Rotarians get full dose of Indian society

Burnsville Rotarian and longtime resident Sam Dalal administered polio-immunization drops to an infant during a February trip to India. Dalal is one of three Burnsville Breakfast Rotary Club members who made the trip. He grew up in Mumbai when it was Bombay. (Submitted photo)

Sam Dalal of Burnsville knows the territory, but he wanted his Rotary friends to experience the different faces of India in manageable doses.

Dalal worked with an Indian travel agent who arranged all manner of transport for the 17-member crew of Rotarians and family members from Rotary District 5950.

“If you haven’t traveled to the Third World and seen the poverty, it just kind of hits you in the face,” said Dalal, 68, who grew up in Mumbai (formerly Bombay) and came to the United States at age 22. “We kind of mixed in stays at five-star hotels and stays in the back country of India. They experienced both, and they were able to stomach that well.”

As a leader of District 5950’s Friendship Exchange, Dalal suggested the India trip as a cultural exchange that would also give Rotarians a firsthand glimpse of some of their philanthropy. Three Burnsville Breakfast Rotary Club members were on the trip, along with Rotarians from Bloomington, Eden Prairie and Edina.

The group traveled within the northern tier of the Indian subcontinent on its 14-day February trip, visiting sites of programs that District 5950 has supported with its donations.

One is the International Village Clinic just north of the city of Varanasi. The main clinic also supports smaller medical practices and children’s nutrition efforts in surrounding villages.

It was founded by Dr. Abul Sharah, a Bloomington Rotarian who rose from poverty in his native country to senior engineering and marketing positions at Honeywell and MTS Systems. He returned to northern India to look after the International Village Clinic.

“I believe that people start lining up at 4 in the morning at that clinic when the doctor is in that day,” said Burnsville Rotarian Carol McDonald, who was joined on the trip by Dalal and Burnsville Rotarian Bob Stowell, governor of District 5950. “They see about 200 patients a day.”

Another Bloomington Rotarian, Sandhya Gupta, is a former engineer at Polar Semiconductor in Bloomington who now spends most of the year in her homeland. She sponsors, with the help of Rotary, children’s programs in the cities of Patna and Palampur, including an orphanage and girls schools for children from the “Dalit” (outcast) segment of society. She’s a strong supporter of Nari Gunjan, an Indian women’s organization.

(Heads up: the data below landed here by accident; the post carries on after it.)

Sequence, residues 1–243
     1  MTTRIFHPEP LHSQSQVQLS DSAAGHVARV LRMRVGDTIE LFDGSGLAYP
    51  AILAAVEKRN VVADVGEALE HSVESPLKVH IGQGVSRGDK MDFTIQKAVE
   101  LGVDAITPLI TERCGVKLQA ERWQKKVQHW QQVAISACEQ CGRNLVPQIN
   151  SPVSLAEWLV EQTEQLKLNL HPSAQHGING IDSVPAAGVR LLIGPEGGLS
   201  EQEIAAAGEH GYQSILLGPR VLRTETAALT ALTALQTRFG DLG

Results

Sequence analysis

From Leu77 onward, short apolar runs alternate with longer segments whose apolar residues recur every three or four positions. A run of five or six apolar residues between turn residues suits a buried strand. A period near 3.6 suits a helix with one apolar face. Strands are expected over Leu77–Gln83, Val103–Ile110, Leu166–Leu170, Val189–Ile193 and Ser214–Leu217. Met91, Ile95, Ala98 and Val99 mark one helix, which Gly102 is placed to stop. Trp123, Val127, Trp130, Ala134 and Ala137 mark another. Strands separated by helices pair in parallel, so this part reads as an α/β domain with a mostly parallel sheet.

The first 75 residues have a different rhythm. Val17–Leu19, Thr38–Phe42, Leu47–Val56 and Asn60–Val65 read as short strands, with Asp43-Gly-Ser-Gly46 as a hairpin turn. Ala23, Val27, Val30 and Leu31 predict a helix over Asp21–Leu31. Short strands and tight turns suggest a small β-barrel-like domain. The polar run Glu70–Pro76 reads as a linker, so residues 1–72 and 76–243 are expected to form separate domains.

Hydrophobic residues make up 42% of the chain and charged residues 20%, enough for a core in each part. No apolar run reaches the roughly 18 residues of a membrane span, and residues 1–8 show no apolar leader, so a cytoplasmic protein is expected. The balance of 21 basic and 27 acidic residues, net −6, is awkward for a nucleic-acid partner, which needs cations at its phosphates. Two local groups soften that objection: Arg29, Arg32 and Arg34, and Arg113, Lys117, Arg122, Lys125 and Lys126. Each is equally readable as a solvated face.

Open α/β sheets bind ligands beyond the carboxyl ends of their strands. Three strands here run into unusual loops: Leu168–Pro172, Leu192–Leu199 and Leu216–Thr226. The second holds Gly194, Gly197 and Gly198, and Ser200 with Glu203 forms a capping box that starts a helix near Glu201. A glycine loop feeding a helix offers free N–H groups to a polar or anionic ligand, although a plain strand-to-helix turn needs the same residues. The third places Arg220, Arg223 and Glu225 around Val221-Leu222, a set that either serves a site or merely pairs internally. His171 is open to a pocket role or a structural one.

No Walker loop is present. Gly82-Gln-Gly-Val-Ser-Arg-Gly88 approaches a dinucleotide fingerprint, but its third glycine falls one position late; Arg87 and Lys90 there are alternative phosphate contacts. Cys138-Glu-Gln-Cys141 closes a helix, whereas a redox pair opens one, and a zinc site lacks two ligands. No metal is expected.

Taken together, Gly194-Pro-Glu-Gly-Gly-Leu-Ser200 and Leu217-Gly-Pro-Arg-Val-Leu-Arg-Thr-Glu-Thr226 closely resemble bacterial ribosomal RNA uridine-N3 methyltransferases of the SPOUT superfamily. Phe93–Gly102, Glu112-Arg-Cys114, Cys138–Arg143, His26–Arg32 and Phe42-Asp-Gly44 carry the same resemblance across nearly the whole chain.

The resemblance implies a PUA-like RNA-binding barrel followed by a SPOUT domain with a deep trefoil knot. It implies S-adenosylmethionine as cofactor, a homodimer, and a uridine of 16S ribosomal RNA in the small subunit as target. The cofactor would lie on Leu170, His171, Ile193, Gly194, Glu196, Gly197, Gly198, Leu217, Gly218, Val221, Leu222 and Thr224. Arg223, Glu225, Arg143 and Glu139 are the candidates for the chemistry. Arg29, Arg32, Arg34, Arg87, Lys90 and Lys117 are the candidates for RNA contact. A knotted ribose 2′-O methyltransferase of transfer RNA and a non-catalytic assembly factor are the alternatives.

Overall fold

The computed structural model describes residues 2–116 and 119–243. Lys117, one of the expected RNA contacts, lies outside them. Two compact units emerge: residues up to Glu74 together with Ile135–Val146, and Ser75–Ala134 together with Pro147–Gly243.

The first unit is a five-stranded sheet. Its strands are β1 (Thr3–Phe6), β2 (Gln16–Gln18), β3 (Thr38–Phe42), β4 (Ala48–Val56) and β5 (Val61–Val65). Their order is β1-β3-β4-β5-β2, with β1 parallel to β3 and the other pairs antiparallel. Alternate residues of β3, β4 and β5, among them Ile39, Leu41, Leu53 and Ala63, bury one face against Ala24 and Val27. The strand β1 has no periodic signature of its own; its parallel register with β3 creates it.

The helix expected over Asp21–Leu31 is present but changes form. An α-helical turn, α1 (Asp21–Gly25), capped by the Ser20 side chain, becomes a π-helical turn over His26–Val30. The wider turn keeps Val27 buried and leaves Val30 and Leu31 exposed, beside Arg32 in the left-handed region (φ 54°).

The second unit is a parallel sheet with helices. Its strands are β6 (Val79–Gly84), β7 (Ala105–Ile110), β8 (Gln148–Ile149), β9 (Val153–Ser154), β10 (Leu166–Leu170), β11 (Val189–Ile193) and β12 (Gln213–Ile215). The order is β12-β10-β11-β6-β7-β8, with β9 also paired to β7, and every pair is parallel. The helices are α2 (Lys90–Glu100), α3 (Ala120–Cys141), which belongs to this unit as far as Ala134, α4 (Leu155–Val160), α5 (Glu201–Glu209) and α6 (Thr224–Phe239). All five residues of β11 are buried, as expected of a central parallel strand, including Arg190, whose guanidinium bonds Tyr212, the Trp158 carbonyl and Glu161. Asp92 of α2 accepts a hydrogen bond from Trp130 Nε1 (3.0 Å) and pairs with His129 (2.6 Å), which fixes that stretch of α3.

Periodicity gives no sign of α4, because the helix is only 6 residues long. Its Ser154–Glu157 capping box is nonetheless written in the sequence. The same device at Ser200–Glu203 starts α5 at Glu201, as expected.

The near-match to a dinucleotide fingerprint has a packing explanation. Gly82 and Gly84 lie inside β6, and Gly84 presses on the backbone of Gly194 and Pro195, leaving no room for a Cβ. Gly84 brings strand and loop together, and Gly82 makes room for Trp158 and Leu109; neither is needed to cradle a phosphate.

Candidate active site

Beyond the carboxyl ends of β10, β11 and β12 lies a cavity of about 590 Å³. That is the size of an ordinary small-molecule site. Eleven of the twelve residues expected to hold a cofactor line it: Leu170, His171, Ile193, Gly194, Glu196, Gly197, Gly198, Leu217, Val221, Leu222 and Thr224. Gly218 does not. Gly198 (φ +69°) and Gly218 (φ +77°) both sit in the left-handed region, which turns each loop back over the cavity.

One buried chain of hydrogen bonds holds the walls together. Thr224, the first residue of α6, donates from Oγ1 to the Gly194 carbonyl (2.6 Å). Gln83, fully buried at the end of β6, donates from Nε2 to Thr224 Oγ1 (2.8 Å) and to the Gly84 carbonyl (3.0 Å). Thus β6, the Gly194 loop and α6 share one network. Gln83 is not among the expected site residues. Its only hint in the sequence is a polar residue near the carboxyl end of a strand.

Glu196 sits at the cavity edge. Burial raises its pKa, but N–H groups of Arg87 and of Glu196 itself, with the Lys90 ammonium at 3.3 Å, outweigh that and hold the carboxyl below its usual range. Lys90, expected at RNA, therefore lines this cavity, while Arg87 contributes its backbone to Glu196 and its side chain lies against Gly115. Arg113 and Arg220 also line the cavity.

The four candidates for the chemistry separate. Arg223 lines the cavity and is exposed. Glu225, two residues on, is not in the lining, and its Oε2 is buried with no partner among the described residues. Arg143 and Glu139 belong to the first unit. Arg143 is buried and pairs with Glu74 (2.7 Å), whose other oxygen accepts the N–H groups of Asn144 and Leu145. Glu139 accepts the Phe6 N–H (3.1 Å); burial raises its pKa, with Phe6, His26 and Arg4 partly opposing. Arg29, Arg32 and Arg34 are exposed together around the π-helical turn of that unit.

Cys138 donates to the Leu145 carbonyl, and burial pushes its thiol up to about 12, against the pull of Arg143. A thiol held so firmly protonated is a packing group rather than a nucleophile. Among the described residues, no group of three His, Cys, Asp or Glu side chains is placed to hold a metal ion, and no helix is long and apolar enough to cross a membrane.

“These kids are all girls coming from what in India is called the untouchable class,” Dalal said of the girls schools. “It’s sort of the lowest rung of the social structure there. When they come from these families, they generally have no future at all. They’re brought to this school. They’re boarded there and fed there and educated. And they have become just remarkable young ladies.”

During their journeys,
Rotarians cut the ribbon on bathrooms at a girls school that were built with matching grant funds from District 5950 clubs.

Many rural Indian schools have primitive toilets that some students — especially girls — are embarrassed to use, which leads some of them to drop out.

Rotarians also administered polio-immunization drops to children. Eliminating polio is one of Rotary’s chief goals.

“It was wonderful to see the work that
Rotary does in other parts of the world,” McDonald said. “We sponsored them for many years, but to actually visit the country and witness and participate in the work, it was so compelling.”

Rotary clubs in India treated the Minnesota visitors “like dignitaries,” McDonald said.

Overnight train trips and long van and bus rides were hardly luxurious travel for the Minnesotans.

“They got exposed to everything,” said Dalal, a Burnsville resident since 1979 who has a State Farm Insurance agency in Prior Lake.

But the trip included a visit to the Taj Mahal and a stay in Mumbai for shopping and conventional tourism.

“All my relatives were mad as heck at me because I could only spend two nights in Mumbai and I spent all my time with the Rotary club, so they didn’t get to see me,” Dalal said. “But I’m going to have to go back soon.”

Some of the travelers will give a presentation on their trip at the Thursday, May 9, meeting of Burnsville Breakfast Rotary, to be held at 7 a.m. at the Chiante Grill, 14296 Plymouth Ave., Burnsville.

Bob Stowell’s trip blog is at